Babak Jalali’s ‘Fremont’: An Extraordinary Film About Love and Solitude

Babak Jalali’s ‘Fremont’: An Extraordinary Film About Love and Solitude

Who would have thought that a black-and-white film about an Afghani refugee woman working in a Chinese fortune-cookie bakery could be so engaging?

Fremont is an extraordinary film by an extraordinary director who has brought together an extraordinary ensemble of characters.

Keep your eye on Babak Jalali, auteur-in-the-making. Like Yasujiro Ozu and Ingmar Bergman before him, the Iranian-born director has a keen instinct for the contemplative, a mood that pervades and animates this poignant film about “lonely crowds” trying to break out of their cocoons of solitude.

Describing his motivation for making this exquisite movie, Babak Jalali said, “With this film I want to look beyond the idea that there are wild differences between humans. In a world where so much is made of imagining differences and exaggerating otherness, it’s important to look at universal similarities. An immigrant and a non-immigrant share many of the same hopes, dreams and ambitions. The main character in this film, Donya, a feisty young woman and a former translator for the U.S. military, feels she is where she is due to her own life choices. But this does not mean she does not suffer or feel displaced. She is determined to change things. She wants to be busy. She wants to be at ease. She wants to fall in love. And she wants acceptance. Like most other people.”

Donya, brilliantly played by Anaita Wali Zada, had worked as a translator in her native Kabul before relocating to San Francisco in search of a better life. Beset by self-doubt and insomnia, she convinces herself that only sleeping pills can relieve her anxiety. In pursuit of this chemical solution, she starts seeing a therapist (Gregg Turkington), a nerdy eccentric whose therapeutic regimen includes reading passages from Jack London’s 1906 novel White Fang, about the friendship between a Klondike gold prospector and a wolfhound.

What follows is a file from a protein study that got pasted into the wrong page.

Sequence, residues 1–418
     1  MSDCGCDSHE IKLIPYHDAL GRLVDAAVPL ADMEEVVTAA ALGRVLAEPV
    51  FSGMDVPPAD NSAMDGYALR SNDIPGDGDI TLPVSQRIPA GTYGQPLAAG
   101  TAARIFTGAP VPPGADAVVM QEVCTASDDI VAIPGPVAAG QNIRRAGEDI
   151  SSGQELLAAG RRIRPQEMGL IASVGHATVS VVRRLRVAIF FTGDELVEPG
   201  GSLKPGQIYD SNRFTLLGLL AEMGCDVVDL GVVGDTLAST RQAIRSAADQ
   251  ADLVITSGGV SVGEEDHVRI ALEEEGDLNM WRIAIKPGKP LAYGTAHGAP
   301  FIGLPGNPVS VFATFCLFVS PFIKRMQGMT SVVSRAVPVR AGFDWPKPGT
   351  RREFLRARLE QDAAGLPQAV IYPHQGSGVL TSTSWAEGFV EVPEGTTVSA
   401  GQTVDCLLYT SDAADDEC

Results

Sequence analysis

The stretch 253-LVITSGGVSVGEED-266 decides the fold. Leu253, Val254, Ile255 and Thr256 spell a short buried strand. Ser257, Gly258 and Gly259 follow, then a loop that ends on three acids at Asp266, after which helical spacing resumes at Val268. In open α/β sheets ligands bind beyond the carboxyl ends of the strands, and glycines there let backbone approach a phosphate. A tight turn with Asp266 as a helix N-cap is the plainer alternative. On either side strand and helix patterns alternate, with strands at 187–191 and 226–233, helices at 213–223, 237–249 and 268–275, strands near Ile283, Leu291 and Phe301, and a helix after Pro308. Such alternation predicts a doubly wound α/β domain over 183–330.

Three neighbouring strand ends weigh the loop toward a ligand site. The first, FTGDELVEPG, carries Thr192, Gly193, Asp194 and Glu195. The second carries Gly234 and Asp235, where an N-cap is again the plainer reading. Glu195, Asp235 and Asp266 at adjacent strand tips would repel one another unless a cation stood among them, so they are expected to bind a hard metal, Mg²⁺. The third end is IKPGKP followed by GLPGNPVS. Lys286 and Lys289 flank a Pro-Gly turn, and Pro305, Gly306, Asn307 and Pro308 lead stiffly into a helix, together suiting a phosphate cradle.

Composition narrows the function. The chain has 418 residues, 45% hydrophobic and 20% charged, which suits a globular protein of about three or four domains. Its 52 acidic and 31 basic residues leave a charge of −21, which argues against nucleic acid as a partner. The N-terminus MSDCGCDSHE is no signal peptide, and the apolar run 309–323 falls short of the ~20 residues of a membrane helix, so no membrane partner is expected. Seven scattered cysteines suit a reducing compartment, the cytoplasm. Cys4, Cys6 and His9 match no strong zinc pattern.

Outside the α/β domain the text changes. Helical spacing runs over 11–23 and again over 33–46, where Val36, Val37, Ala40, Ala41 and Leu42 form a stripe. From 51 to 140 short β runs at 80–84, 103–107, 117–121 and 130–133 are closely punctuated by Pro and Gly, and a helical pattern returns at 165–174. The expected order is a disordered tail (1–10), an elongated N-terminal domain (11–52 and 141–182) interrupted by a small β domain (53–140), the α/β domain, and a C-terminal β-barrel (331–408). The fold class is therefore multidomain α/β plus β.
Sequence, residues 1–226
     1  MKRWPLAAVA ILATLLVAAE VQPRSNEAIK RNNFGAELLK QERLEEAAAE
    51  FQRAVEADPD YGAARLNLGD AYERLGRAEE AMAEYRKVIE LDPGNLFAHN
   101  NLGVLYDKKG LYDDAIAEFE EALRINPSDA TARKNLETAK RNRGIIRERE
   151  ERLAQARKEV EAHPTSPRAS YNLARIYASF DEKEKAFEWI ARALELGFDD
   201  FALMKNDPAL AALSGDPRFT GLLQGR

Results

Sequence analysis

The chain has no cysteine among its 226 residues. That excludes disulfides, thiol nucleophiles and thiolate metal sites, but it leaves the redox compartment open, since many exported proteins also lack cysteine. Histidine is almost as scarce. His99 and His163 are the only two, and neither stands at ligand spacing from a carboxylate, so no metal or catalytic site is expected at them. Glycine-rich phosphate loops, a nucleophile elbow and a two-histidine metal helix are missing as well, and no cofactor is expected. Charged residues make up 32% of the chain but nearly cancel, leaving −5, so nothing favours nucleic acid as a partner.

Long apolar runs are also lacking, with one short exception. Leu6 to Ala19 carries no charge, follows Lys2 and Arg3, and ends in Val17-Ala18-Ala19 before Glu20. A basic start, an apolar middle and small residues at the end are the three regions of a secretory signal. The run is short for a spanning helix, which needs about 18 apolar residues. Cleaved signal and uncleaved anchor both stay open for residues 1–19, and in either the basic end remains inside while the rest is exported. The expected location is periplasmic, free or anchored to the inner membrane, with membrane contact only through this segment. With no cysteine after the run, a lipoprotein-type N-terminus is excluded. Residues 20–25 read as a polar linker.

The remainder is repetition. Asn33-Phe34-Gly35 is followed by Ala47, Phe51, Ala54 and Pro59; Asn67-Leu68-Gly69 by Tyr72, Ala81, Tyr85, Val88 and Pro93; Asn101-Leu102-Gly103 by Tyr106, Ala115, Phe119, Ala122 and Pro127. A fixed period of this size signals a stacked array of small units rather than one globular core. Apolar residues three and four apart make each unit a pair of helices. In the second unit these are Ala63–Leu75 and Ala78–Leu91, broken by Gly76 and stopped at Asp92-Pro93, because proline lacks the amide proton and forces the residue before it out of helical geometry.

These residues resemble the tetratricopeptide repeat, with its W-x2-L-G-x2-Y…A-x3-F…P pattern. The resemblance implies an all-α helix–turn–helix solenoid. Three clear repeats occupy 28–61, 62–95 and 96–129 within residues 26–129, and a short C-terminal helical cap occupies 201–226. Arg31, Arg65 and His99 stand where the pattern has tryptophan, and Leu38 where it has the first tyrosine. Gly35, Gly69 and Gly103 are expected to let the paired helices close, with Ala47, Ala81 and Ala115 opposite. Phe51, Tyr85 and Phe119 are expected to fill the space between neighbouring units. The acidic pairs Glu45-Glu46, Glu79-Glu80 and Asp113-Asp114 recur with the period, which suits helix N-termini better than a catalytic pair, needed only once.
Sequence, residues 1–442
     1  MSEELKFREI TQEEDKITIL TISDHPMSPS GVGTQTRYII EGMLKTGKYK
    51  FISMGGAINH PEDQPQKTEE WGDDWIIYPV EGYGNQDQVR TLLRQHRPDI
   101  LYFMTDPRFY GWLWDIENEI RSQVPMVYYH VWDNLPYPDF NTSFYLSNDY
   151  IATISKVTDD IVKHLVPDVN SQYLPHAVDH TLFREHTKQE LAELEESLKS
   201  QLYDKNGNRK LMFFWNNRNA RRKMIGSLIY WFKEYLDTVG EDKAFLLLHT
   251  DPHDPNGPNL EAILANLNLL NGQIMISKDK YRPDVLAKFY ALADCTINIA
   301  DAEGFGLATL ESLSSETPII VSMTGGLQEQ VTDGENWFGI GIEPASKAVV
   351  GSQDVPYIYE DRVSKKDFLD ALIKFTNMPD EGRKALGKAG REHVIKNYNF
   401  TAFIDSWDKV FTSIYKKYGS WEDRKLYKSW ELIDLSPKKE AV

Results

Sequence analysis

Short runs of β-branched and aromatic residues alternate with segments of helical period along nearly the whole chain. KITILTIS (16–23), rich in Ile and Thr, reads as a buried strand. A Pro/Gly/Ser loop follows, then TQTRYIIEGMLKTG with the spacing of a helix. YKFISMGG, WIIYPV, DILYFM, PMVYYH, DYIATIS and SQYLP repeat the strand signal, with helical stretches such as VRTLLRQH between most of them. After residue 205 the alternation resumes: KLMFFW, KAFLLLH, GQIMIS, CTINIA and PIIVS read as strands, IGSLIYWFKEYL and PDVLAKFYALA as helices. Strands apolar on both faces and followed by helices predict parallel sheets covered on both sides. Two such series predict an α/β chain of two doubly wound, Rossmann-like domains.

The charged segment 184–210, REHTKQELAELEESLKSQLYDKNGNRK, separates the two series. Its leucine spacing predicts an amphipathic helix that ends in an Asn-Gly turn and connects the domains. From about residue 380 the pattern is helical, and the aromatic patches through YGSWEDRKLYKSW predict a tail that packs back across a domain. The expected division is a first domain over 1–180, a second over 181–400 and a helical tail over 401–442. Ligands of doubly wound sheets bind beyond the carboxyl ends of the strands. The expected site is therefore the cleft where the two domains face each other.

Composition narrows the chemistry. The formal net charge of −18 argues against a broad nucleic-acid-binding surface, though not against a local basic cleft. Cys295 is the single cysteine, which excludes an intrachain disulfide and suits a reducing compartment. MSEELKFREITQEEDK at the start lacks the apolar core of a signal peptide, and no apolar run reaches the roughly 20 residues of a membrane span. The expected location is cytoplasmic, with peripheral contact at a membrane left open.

Fremont is almost worth watching just for the sake of being a fly on the wall during their therapy sessions. As Babak Jalali puts it: “Showing humor in situations that are bleak doesn’t underplay the seriousness or depth of a story but rather, it can add layers to the sense of realism. As the saying goes: ‘He who cries only has one pain. But he who laughs has a thousand and one pains…’”

Donya’s real breakthrough does not come on the psychiatrist’s couch, however. She grows into her most authentic self while writing fortune cookies for a small bakery owned by a well-meaning entrepreneur and his cruel wife, both of whom enable Donya to think more deeply about her own future. Desperate for human contact, she starts including her own phone number in some of her fortunes, in the hope of connecting with someone outside of her humdrum routine.

At the bakery, Donya bonds with Joanna, a many-pierced coworker superbly played by Hilda Schmelling, who encourages her to embark on a long southward drive in the hope of meeting a “dear” who’d found her number in one of her fortune cookies, Donya finally achieves a breakthrough when she meets Daniel (Jeremy Allen White), an auto mechanic who helps change her oil. Seated at separate tables in a diner whose window blinds resemble those in her therapist’s office, the two fidget nervously, yearning for the contact they both desire.

On her return trip. Donya presents Daniel with a ceramic deer she had been tricked into acquiring for her boss’s cruel wife: a breath-taking climax that brings to minf Rilke’s declaration in the Duino Elegies: “Love consists of this: two solitudes that meet, protect and greet one another.” Bravo Babak Jalali, dream-weaver of solitudes.

Rating: A+

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